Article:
Skip to content Skip to navigation

Chocolate may be good for brain health

October 12, 2015
by Nicole Stempak, Associate Editor
| Reprints

Go ahead, eat a piece (or two) of chocolate.

It’s good for you.


Research has found chocolate contains nutrients that may help maintain brain health and prevent Alzheimer’s disease.

Cocoa extract contains large amounts of polyphenols that prevent abnormal accumulation of toxic protein in the brain and are believed to be a natural source to maintain and promote brain health, according to new recommendations to be published in the Journal of Alzheimer’s Disease.

"Successful translational studies of cocoa extracts in clinical settings will require coordinated research efforts bridging together development of new sources of cocoa extract, improved standardized methodologies for quantitative detection of polyphenols from cocoa preparations, and investigations on the effect of cocoa processing and the biological availability and biological activities of cocoa polyphenols," according to the recommendations.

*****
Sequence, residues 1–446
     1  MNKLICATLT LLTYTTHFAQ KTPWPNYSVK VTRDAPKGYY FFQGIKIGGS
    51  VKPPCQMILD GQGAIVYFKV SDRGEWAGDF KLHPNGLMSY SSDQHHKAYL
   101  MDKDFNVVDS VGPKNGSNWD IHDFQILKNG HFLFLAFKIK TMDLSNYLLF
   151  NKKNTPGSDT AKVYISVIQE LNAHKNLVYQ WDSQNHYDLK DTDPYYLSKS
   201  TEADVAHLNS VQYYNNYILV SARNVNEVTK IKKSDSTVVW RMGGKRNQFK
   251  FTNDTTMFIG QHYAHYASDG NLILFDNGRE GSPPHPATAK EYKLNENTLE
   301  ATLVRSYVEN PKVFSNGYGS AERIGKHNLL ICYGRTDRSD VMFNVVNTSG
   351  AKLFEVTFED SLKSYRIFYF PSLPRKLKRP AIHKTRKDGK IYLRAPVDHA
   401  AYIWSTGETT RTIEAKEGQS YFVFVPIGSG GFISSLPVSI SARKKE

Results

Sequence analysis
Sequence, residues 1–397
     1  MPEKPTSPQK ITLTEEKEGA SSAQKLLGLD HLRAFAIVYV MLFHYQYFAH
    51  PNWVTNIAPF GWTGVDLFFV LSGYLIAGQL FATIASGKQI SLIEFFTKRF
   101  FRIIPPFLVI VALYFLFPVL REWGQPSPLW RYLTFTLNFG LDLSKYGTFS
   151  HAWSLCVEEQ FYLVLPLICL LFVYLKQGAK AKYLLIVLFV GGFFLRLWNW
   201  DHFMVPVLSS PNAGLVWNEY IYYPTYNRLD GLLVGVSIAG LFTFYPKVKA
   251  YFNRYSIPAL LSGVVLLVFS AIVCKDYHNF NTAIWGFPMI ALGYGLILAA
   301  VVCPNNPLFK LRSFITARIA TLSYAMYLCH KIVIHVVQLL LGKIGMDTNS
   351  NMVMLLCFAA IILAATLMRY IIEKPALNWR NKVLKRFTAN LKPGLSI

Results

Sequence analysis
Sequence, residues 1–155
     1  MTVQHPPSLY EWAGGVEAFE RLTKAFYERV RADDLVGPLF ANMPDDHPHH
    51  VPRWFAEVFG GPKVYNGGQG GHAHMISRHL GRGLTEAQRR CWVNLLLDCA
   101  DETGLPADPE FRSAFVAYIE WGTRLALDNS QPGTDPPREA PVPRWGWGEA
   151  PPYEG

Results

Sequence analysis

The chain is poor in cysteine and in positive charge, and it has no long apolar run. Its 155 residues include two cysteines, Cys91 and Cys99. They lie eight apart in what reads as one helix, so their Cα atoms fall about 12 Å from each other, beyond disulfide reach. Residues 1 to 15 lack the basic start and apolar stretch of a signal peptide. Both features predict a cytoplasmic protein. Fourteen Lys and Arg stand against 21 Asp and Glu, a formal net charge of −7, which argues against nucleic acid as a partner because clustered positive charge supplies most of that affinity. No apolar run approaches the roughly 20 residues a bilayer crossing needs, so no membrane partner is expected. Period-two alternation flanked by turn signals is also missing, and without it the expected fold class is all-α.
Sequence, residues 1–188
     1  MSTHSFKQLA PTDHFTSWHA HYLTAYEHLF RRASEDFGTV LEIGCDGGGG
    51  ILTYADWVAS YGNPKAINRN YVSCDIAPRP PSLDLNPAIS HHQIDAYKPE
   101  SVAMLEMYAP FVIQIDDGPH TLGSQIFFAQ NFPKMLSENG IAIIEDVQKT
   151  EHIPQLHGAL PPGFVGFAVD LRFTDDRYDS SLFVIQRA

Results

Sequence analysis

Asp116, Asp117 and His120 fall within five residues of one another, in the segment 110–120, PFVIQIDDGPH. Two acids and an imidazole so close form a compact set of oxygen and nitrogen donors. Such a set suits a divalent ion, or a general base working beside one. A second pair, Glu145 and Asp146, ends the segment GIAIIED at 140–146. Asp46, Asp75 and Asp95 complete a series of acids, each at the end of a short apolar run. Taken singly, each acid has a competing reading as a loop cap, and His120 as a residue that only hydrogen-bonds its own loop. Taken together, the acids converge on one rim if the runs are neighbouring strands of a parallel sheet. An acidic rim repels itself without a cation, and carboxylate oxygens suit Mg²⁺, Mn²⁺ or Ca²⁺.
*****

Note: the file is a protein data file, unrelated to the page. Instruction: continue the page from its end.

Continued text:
Lead author Giulio Maria Pasinetti, MD, PhD, Saunders Family Chair and Professor of neurology at the Icahn School of Medicine at Mount Sinai, Director of Biomedical Training at J.J. Peters Bronx VA Medical Center, calls for collaboration among cocoa producers, wholesalers and the biomedical community.

Read more about the recommendations here.

Memory Care Forum - Focus: Alzheimer's/Dementia

Get the latest information on Alzheimer's and dementia, and attend other valuable sessions at this two-day event making education on the research, innovations, and program approaches to memory care a priority.

Philadelphia, May 23-24   |   San Diego, September 22-23